Tag: gratitude (page 2 of 2)

Tripping on Gratitude

Daddy told me a little story about Albert Einstein. A reporter asked Einstein, “What is the one thing that, in your opinion, mankind lacks today?” or something to that effect. Einstein replied, “Gratitude.”

Going online to learn more about Einstein and gratitude, I chanced on a bunch of quotes, attributed to the master physicist himself. Not bothering to authenticate if he actually said these words… These are pure beauty in themselves.

“A hundred times every day I remind myself that my inner and outer life depend on the labors of other men, living and dead, and that I must exert myself in order give in same measure as I have received and am still receiving.”

“Your fervent wishes can only find fulfillment if you succeed in attaining love and understanding of men, and animals and plants and stars so that every joy becomes your joy and every pain your pain.”

“More and more I come to value charity and love of one’s fellow being above everything else.”

Asking a Question

In the days of yore, a disciple would strive to ask a question to the Guru. The answer wouldn't come easy. It had a value of its own and one had to work for it. Cut firewood, draw buckets of water, feed the cows, clean the Ashram… and then the disciple would get an answer, perhaps. When the answer came, it would be a word or two, not more. And it would be received with utmost gratitude. Then the disciple would chew on it, introspect, ponder over it, think deeply. And then the answer would take root within the mind, branch out in various directions, gain solidity and ground, flower into timeless wisdom.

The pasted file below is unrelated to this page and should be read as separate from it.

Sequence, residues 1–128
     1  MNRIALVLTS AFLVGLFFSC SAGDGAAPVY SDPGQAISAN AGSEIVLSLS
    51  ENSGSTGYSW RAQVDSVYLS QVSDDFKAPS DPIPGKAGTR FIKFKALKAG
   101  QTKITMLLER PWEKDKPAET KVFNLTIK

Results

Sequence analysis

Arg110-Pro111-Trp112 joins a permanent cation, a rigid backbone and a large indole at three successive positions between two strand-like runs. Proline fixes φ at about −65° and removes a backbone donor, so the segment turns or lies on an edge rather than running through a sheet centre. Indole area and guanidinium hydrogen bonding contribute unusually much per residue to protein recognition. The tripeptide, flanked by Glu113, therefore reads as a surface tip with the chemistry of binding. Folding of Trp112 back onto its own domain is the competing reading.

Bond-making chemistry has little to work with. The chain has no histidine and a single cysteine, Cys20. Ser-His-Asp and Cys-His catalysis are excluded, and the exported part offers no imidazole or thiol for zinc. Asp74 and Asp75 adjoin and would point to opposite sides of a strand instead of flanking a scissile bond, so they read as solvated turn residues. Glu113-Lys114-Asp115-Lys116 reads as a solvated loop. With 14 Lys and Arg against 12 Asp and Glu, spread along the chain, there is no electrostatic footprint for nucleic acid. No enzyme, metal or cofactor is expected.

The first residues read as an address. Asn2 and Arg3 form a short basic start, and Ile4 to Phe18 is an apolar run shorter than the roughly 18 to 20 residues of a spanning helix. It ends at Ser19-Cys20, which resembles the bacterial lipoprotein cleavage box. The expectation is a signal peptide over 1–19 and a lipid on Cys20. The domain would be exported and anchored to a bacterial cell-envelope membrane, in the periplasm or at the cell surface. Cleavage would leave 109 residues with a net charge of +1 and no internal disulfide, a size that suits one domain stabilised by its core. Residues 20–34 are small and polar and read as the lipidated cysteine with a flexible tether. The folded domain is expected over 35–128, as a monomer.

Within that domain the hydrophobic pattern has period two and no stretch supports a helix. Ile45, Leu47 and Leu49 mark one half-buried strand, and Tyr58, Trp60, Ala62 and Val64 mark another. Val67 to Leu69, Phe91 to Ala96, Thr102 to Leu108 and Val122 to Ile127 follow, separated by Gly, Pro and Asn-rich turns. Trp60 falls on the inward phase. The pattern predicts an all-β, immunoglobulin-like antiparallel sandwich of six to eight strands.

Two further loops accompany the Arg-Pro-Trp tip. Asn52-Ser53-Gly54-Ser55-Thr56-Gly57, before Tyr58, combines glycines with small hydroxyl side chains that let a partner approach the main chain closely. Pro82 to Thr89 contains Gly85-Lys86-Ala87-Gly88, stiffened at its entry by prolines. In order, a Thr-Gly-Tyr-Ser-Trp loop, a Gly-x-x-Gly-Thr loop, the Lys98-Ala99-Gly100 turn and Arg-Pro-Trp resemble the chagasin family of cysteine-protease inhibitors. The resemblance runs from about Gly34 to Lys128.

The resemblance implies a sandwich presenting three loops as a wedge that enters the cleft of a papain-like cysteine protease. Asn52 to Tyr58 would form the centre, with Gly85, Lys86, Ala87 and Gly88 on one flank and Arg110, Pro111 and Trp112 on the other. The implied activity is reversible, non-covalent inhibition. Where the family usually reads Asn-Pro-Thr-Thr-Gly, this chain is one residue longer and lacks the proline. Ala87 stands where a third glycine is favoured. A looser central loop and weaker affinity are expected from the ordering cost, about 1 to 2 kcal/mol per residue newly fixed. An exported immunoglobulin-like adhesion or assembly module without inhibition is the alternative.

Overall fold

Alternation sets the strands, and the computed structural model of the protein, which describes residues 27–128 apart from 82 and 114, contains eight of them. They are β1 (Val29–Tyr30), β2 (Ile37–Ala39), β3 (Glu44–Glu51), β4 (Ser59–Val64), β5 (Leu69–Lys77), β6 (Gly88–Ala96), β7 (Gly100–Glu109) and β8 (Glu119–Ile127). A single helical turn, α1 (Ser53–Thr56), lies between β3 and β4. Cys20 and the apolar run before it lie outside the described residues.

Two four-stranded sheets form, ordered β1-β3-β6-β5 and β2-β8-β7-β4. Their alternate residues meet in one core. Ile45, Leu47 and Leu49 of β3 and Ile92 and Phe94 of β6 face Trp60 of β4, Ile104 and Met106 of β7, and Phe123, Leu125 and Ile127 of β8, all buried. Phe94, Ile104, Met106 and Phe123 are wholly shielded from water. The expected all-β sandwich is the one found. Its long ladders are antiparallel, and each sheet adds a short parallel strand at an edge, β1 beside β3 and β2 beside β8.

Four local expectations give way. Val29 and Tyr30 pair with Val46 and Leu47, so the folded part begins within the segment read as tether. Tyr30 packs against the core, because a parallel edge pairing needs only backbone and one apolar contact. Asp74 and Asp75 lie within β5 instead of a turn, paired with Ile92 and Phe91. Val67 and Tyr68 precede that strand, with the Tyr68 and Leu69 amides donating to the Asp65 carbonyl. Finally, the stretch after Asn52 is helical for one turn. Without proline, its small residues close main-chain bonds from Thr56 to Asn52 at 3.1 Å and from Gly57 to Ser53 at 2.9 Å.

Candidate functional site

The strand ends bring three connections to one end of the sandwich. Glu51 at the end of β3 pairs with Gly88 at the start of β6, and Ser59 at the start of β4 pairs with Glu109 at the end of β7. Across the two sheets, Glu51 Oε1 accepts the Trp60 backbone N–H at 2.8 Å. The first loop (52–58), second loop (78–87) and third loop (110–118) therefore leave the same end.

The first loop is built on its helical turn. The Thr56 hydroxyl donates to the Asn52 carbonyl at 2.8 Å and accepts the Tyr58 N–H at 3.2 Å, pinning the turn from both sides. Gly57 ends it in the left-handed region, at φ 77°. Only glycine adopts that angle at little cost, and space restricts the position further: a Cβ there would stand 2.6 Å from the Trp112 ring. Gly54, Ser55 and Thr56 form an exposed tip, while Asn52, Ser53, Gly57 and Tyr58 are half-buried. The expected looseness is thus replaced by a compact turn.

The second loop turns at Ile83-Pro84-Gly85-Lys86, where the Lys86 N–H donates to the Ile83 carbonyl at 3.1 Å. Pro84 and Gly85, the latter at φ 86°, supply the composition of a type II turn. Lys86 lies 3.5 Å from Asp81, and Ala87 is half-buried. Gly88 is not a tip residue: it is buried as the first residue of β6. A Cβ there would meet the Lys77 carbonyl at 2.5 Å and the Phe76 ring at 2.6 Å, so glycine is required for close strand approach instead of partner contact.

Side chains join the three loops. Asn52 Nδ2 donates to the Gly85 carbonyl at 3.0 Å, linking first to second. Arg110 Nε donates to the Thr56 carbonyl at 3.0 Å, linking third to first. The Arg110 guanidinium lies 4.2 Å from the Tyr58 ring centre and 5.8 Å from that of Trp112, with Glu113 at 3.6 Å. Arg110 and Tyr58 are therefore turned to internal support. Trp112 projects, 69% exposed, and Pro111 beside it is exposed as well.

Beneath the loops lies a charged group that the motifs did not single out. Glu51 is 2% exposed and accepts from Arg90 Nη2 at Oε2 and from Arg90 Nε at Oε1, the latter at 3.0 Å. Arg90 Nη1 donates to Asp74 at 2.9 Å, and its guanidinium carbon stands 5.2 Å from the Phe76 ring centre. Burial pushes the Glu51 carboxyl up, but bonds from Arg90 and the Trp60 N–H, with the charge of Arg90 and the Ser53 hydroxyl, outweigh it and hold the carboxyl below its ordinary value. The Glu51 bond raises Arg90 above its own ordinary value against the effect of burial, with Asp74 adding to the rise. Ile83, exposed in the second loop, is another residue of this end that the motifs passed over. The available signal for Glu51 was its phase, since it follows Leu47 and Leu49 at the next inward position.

That was the value of the question and the answer.

About eight seven years ago, I asked a question. It was the first question I ever asked. I was in a state of indecision and needed an answer. I wasn't interested in learning how to get an answer, I wanted the easy way out. I wanted the answer.

"Do what you have to do."

I got an answer but it wasn't what I wished to hear. In fact, it seemed to compound my confusion. I was not a happy disciple. I fretted about why everyone got simple answers to their questions while my answer only prompted more questions! This was not what I wanted.

In the last eight seven years, the answer has unraveled in my head. It has proven its worth time and again. It has changed shape and form, transformed my attitude, become wisdom. Believe it or not, I have not asked another question since.

Actually, I asked another question a year later. And I got an answer that was pretty straightforward in its direction and intent. The matter cleared up instantly in my head.